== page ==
The Two Sides of Dolores Roach

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The Horror of Dolores Roach follows Dolores Roach, a down-on-her-luck ex-convict who returns to her hometown after 16 years in prison to find that the world she’d known has moved on without her. Frustrated by this alien existence she’d been thrust into, she returns to the apartment she had previously shared with her traitorous ex-boyfriend before her arrest to find a young couple living there. Her presence in their apartment frazzles the couple. So much so that before she leaves, Dolores confesses that she hoped she hadn’t scared them as that wasn’t the kind of person she wanted to be.

Dolores’ revelation is offered as a foreshadowing of the woman she eventually becomes, even as she tries to cling to this side of herself, this part of herself that she deems good. However, as the show progresses, it becomes increasingly apparent that that part of Dolores was never meant to survive.

For a brief hopeful moment in the beginning, Dolores works toward being a better version of herself. She gets a roof over her head living beneath a restaurant with her old friend Luis. She starts making an income by giving massages in her room. She even plans on going back to school. But then the other shoe drops.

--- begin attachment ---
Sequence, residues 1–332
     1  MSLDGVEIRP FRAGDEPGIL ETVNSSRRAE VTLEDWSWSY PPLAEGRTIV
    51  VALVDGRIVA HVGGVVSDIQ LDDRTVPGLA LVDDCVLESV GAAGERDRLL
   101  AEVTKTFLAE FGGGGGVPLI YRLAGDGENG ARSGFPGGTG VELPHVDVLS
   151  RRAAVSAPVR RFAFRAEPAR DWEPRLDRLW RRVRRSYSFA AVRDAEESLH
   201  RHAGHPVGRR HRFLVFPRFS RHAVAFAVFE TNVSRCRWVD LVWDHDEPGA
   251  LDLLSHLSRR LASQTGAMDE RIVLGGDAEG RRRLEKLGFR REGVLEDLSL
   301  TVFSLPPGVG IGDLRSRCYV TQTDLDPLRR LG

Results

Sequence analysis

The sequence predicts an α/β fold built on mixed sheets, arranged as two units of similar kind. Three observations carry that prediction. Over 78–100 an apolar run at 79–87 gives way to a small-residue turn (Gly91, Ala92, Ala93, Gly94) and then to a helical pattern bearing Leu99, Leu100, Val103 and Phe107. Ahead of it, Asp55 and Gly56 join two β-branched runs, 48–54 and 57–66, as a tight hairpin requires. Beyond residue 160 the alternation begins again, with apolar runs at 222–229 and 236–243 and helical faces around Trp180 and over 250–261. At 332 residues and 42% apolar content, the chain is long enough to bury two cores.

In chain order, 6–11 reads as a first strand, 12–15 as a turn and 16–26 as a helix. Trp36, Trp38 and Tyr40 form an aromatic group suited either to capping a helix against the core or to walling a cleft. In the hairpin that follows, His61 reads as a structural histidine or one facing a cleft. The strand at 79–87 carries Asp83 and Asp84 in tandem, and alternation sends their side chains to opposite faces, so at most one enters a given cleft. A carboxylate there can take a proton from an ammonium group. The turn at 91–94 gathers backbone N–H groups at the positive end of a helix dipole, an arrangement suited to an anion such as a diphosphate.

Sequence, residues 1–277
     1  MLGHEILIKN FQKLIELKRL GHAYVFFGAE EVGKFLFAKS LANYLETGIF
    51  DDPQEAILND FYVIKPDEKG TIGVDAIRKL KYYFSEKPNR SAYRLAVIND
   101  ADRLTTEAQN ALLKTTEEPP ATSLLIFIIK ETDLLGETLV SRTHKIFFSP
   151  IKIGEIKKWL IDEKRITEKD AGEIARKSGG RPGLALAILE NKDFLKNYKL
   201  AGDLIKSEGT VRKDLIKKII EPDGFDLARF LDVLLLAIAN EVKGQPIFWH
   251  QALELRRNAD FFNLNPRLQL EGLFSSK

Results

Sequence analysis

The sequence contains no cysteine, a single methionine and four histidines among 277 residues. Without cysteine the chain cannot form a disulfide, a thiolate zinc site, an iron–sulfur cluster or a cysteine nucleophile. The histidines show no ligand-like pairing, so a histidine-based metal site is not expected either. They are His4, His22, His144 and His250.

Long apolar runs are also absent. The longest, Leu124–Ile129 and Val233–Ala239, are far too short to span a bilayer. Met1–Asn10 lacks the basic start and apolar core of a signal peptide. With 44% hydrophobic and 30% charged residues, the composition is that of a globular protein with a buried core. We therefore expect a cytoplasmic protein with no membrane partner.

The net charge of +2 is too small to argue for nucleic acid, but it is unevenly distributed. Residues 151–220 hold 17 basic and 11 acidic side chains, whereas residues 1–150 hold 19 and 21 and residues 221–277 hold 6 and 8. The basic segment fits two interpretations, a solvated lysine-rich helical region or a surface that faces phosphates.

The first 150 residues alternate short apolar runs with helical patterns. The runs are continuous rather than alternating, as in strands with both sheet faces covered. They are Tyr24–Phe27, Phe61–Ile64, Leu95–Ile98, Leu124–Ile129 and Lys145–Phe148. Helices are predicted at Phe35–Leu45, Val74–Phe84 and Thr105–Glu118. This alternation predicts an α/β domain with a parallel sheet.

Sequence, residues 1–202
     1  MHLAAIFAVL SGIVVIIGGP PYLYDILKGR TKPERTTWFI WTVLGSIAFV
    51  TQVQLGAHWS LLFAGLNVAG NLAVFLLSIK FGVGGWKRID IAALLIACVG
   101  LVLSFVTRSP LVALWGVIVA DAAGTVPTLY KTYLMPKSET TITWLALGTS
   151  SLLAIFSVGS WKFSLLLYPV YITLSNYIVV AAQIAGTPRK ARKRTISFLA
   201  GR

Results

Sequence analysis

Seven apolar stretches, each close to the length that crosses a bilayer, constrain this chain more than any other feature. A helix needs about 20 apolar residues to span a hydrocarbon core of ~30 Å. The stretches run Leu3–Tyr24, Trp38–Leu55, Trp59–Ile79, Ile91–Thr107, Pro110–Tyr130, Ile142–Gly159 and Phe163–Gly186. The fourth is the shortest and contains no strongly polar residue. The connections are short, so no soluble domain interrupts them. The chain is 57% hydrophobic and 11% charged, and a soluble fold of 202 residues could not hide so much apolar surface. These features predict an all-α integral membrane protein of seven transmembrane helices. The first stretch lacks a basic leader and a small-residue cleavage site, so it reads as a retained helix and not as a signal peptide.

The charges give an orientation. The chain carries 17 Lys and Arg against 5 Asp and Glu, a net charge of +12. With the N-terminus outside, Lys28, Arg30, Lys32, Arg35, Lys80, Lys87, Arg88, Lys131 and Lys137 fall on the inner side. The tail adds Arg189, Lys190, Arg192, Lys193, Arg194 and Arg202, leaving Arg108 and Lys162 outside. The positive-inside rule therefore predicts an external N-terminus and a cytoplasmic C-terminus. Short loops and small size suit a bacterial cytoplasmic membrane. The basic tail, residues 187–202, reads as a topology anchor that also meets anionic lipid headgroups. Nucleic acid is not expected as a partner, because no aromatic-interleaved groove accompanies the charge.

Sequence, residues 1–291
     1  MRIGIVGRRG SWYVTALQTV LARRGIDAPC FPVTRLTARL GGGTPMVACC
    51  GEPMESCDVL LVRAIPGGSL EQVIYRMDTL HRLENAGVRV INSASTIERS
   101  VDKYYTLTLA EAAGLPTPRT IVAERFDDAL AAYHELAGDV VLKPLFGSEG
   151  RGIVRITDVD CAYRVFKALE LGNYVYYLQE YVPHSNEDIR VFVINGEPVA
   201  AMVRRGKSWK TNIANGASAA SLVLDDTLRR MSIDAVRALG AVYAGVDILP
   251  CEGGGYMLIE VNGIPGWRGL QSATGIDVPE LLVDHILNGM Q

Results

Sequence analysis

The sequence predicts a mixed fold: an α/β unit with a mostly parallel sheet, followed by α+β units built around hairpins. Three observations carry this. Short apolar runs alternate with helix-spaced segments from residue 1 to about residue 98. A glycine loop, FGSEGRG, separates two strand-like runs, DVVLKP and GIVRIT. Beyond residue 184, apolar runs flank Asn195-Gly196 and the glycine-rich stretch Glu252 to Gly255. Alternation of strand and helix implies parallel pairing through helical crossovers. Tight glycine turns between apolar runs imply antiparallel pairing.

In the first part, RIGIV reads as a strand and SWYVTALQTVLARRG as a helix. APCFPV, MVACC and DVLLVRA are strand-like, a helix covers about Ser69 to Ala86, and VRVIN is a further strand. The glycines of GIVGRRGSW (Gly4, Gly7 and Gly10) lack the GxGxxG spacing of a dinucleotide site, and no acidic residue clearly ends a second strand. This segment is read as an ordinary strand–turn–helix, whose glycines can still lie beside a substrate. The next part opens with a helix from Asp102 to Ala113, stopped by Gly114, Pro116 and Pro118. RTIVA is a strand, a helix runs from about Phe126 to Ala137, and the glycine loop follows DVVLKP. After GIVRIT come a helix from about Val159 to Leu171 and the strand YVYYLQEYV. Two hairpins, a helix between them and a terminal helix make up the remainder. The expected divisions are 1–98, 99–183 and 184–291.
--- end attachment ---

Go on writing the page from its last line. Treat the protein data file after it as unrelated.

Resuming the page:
Luis’ landlord, a swaggering, racist, misogynistic sloth of a man, stops by demanding the rent. It is clear from here on that Dolores’ penchant for violence is about to implode.


The switch from the “real” Dolores, the good Dolores, the Dolores she wishes she was, is almost instantaneous. The whiplash from so much change right out of prison snaps her all at once into a frenzy. She is angry, rightfully so, but more than that, Dolores is opportunistic of the situations as they present themselves. Or better yet, they willingly lay themselves on her massage table. Creepy, disgusting landlord? Strangle him. Annoying neighbor demanding a back rub? Snap her neck. Drug-hazed lover who won’t leave her alone? Melt his face in hot oil.

Dolores kills even when she doesn’t have to. She’s like a toddler playing with her dolls, pulling their limbs and popping off their heads on a blood-addled whim. All the while hanging on to the scraps of her “good” self.

And when the consequences of her actions come back to haunt her, she points the finger outward. To the world that was cruel to her, her ex-boyfriend who betrayed her, and Luis, especially Luis. The cannibalistic chef who kept trophies of her victims. Luis, who had hidden her blood-soaked darkness in deep-fried pastries. Luis, her lover who she repeatedly blamed for enabling her bad habit. “You should have stopped me,” she says to him in what would be their last scene together. “Someone should have stopped me!”

Ultimately, Dolores acknowledges that she is not a good person anymore. She gives up the pretense of mulling over the consequences of her actions. Where at first she had been inconsolable for taking a life, now she relishes at the thought of it. She’s given herself fully to the blood lust. In the end, there’s only one side to Dolores Roach; the death-wielding force that is desperate to be stopped by someone, anyone (unless she kills them first).